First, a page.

I think of myself as a realist trending toward optimism. Maybe others don’t see me this way, but that’s the way I think I am. I hope I’m right about myself, but I must quickly add it’s hard to be optimistic about anything when you are smack dab in dog days. Yes, if you didn’t know, they start in mid-July and go through September.
Frankly, my view is that there isn’t much reason to commend July. I can really think of only two things. It does have Independence Day and the Walker Family Reunion (which doesn’t help you non-Walker readers, leaving you with only July 4th). Both have already passed, but we will have both next year, so I will go ahead and write about them.
Independence Day. It’s the day we celebrate our independence and honor our veterans (we should do that every day) and is by far the biggest positive about July. But, with Independence Day celebrations also come the fireworks which, once again, are legal -- and, once again, are causing controversy. Let’s take a cursory look at this problem.
Frankly, I think it was better when the fireworks were illegal and folks that cared enough slipped into South Carolina, or some other more enlightened place, and bought their wares. When the cherry bombs, bottle rockets and the like were illegal, at least the pyro-poppers stopped their show at a reasonable hour. You know, you have to be a little nervous when you’re doing something illegal and you’re making a big ruckus about it. It appears to me that we didn’t have as many problems under the old firecracker system as we’ve had the first year under the new system.
Another thing July has going for it, at least as to we members of the John F. Walker family, is the Walker Family Reunion. It’s on the first Sunday in July in rural Washington County. Most of the time, it’s hot as a firecracker. But, in the balance, at least for us, it’s a plus for July, which needs all the help it can get.
Lordy, Lordy, after July comes August. And, with August, you are in the middle of dog days. As I said, I believe I tend toward optimism and am a positive person, so I want to say something good about August, but the bottom-line truth is that it’s miserable. Let’s see.
August. Well it’s named in honor of the Roman Emperor Augustus. This is how the naming came about: During Augustus’ reign, the Roman Senate lengthened the month to 31 days, taking a day from February. They named the eighth month for Augustus, who must have been a popular or effective (or both) senator, or he must have known something on the other senators (or some of them), so they named the eighth month for him. I don’t think they did him any great favor.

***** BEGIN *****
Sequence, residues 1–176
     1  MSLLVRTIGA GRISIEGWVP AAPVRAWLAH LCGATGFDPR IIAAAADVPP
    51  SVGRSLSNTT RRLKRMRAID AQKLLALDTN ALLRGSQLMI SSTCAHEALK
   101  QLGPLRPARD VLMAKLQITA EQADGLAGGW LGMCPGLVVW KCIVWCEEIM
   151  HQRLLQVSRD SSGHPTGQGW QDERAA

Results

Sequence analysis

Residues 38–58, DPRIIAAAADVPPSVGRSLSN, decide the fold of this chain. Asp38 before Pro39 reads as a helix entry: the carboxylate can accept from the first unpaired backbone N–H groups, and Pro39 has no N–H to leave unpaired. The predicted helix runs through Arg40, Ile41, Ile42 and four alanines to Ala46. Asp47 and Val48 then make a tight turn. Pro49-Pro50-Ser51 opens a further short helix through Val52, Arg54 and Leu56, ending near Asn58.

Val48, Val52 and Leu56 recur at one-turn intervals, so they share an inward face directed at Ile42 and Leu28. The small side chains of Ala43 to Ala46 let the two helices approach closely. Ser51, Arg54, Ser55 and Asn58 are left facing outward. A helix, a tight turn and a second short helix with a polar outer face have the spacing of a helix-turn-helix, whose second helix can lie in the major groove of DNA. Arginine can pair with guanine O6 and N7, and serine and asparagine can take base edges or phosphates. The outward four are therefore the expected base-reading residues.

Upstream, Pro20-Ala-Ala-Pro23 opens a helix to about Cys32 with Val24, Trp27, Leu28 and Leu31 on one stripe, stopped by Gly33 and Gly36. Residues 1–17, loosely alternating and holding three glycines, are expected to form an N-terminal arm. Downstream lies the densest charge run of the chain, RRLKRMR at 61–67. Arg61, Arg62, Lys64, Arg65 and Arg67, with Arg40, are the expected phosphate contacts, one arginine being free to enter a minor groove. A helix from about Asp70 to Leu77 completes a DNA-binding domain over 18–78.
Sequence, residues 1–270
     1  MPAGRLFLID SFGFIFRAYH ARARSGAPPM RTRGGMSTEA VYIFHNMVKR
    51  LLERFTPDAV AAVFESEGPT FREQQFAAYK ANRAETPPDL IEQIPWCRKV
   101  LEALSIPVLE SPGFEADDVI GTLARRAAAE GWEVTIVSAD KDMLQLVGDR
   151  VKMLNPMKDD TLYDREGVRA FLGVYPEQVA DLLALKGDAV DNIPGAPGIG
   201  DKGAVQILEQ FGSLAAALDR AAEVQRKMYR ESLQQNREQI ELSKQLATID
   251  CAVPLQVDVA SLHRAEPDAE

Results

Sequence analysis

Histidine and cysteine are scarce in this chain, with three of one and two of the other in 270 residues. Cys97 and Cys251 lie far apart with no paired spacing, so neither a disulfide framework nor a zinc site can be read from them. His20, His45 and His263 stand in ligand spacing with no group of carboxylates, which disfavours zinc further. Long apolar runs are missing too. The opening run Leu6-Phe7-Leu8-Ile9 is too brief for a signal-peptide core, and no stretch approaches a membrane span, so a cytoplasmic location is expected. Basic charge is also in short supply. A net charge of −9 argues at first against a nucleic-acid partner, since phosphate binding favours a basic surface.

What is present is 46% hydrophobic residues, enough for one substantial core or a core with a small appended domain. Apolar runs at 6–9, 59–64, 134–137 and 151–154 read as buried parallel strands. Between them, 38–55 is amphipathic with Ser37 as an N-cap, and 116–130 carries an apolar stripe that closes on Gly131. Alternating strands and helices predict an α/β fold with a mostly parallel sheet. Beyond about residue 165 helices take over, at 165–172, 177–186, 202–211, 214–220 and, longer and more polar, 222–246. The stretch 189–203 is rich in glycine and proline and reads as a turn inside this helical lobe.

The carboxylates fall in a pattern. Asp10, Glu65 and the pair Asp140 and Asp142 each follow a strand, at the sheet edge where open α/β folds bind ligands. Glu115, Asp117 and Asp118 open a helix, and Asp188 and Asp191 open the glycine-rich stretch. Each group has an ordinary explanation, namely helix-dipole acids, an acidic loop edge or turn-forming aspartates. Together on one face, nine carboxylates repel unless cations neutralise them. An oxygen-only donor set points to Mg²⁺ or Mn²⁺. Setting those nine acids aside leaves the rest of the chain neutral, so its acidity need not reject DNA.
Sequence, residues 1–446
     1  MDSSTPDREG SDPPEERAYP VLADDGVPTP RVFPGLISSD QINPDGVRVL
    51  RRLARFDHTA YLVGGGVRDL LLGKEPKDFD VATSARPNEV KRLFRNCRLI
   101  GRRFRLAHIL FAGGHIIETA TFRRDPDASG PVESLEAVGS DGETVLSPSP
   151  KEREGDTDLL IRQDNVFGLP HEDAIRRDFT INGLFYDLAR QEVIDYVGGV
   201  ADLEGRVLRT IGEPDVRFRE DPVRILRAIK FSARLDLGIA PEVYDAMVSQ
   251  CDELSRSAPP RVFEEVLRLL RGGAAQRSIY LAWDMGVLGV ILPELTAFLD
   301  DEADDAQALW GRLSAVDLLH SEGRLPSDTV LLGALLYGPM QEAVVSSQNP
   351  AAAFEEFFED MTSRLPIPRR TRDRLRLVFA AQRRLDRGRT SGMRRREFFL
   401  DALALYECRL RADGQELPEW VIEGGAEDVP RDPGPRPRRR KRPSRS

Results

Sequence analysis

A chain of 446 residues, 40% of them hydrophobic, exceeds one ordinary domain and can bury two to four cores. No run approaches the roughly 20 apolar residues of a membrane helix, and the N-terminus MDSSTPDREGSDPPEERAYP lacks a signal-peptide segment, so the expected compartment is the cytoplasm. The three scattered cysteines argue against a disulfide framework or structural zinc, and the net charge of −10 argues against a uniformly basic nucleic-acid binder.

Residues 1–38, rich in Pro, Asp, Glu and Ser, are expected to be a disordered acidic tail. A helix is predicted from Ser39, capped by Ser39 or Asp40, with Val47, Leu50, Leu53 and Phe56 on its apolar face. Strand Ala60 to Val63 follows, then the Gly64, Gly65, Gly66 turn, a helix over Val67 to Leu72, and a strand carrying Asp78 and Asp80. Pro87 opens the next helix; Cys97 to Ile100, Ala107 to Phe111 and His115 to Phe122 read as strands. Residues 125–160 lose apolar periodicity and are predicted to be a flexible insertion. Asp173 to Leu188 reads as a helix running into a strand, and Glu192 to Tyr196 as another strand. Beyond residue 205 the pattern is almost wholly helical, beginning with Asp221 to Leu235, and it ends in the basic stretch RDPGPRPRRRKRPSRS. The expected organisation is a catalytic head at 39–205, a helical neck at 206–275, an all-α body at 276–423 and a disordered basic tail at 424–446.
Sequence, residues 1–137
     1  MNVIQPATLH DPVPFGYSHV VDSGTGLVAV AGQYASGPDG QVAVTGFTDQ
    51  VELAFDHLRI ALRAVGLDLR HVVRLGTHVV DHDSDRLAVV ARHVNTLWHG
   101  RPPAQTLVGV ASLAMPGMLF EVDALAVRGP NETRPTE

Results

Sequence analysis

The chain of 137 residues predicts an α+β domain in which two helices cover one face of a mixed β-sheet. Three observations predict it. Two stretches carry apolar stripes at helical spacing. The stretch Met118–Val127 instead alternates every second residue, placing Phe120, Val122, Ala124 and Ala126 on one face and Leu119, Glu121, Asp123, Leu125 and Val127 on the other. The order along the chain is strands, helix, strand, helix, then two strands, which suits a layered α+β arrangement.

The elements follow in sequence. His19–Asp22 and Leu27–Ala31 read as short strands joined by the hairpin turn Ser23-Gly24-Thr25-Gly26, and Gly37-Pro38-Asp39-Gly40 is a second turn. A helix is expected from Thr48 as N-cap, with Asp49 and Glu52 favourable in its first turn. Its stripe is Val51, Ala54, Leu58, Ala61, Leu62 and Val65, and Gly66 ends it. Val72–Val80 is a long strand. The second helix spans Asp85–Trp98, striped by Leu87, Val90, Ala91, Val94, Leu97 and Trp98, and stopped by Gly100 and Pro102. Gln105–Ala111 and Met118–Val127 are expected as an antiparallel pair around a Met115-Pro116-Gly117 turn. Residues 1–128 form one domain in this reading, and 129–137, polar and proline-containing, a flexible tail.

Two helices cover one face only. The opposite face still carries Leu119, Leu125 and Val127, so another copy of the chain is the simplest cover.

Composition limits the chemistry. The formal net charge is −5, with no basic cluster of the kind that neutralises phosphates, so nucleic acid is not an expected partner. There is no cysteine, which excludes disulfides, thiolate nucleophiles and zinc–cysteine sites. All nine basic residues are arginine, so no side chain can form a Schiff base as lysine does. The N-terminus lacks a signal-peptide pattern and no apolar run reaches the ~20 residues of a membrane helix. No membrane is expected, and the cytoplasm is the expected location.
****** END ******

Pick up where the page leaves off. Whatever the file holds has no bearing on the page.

I wish the Roman Senate had left the additional day in February, which is usually a pretty nice month with basketball, hunting, improving weather, etc. and not added it to August. I see that either this was a joke played on Augustus or the Roman Senate was making mistakes back then, just like our United States Senate is today.
Well, we do have September after August. Think football, cooler weather (we have hope), school is back in session, life is in a routine and there is some return to normalcy.
Let me add a cautionary note about dog days. Do not cut your hand peeling tomatoes or peaches, get your finger caught in a car door or step on a nail during dog days lest it, the injury, immediately become infected. But if you do, tie a rag (or medical gauze) around the injury and soak the cloth in kerosene (you can get kerosene at Ace Hardware -- I know, I bought some there) and it will get well quickly and, usually, with no swelling or pain.
I have learned one thing from this and that is you can subtract and add days to months. With that in mind, I’m going to request that our two senators, Johnny Isakson and David Perdue, take five days from July and add to October and take 10 days from August and add to April. I don’t think naming the expanded months for either of them will be necessary.
Larry Walker is a practicing attorney in Perry, Georgia. He served 32 years in the Georgia General Assembly, and presently serves on the University System of Georgia Board of Regents. Email: email@example.com.